The One Economic Indicator That’s Still Dodging Bullets

Ellen Zentner

[credit provider=”Bloomberg”]

As we keep talking about, much of the data has been coming in on the weak side lately.The double-dip talk is back.

Ellen Beeson Zentner of Mitsubishi Financial points to one index that, as she puts it is still “successfully dodging bullets,” and that’s the Conference Board’s Leading Economic Indicators index, which came out yesterday (for March).

The leading indicator we are referring to is the Conference Board’s Index of Leading Economic Indicators
(LEI), which was released on Thursday, April 21.  The LEI increased +0.4 per cent in March, while February’s jump was revised even higher to +1.0 per cent from the originally reported +0.8 per cent.  On a six-month smoothed annual rate basis (our preferred measure for trend growth), the leading indicator increased +6.6 per cent in March and was up +5.1 per cent year-over-year.  The index predicts U.S. economic activity in the next three to six months and suggests the economy will maintain a trend rate of growth in the first half of 2011.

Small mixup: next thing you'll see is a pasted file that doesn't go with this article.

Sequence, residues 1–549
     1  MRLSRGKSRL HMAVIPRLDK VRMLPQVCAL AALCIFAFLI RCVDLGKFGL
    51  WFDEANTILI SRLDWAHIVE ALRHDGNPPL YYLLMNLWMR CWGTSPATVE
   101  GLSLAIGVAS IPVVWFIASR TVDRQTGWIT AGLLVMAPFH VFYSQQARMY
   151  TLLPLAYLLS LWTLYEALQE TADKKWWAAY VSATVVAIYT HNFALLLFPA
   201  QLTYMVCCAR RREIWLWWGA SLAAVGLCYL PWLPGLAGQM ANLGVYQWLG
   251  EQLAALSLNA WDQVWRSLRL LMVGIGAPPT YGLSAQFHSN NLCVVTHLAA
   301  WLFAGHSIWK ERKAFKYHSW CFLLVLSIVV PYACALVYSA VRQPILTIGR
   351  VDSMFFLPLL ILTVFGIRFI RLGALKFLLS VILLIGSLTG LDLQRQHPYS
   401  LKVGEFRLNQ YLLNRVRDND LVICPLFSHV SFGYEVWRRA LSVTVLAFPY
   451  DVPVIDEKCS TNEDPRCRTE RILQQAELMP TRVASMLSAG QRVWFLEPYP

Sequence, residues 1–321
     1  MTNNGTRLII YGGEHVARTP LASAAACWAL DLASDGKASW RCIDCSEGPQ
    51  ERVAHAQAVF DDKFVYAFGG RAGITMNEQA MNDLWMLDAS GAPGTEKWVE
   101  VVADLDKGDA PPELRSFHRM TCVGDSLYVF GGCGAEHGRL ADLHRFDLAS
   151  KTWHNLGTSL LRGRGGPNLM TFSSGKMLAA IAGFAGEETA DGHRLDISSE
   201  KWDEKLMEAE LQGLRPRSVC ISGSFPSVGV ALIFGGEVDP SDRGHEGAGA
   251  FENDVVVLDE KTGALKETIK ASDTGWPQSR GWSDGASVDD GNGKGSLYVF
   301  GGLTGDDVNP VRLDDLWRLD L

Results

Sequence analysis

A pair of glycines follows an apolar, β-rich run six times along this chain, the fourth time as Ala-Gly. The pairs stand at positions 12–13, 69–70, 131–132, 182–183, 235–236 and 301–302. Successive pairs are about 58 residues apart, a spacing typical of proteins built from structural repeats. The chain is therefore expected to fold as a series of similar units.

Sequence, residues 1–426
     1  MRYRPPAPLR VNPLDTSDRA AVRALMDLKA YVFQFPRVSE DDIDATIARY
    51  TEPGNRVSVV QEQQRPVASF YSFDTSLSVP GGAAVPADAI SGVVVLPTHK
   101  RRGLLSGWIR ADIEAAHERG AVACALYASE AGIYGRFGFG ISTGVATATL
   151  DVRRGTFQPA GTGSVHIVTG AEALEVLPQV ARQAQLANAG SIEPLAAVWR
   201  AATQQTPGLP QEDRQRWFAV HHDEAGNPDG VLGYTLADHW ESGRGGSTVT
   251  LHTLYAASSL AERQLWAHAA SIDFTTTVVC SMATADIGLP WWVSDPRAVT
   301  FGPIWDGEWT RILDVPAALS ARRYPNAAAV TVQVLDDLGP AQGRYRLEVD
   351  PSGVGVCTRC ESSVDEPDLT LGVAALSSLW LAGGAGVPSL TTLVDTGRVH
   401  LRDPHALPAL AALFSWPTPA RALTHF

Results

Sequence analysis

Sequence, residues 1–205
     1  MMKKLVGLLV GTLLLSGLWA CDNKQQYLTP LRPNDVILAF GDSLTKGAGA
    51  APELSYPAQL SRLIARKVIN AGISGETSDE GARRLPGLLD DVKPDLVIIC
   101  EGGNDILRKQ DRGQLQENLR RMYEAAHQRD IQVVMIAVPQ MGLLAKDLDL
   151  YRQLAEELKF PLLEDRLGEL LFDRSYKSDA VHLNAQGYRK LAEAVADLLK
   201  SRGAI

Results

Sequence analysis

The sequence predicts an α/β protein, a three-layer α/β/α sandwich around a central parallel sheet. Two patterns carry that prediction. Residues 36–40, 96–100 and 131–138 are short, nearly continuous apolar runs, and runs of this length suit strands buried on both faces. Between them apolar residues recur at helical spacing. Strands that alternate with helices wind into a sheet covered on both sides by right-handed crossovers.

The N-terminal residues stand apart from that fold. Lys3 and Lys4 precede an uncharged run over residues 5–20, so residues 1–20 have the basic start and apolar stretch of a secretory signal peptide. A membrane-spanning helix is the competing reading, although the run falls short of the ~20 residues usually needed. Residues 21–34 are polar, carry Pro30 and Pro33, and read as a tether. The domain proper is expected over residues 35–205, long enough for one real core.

All that being said, there’s something of a catch. The LEI is made up of 10 components, and there’s one component that’s wildly more bullish than the rest. That’s the yield curve which, due to its steepness, is still extremely bullish.

Other components have contributed far less to the LEI:


[credit provider=”Mitsubishi Financial”]

For an eye opening chart, here’s a look at the LEI vs. the LEI if the yield curve were stripped out:


[credit provider=”Mitsubishi Financial”]

So keep watching the long bond, which has generally had a bullish bias to it. If it keeps rising (and the short end rises), that will wipe out the one big leading indicator holding the whole thing up.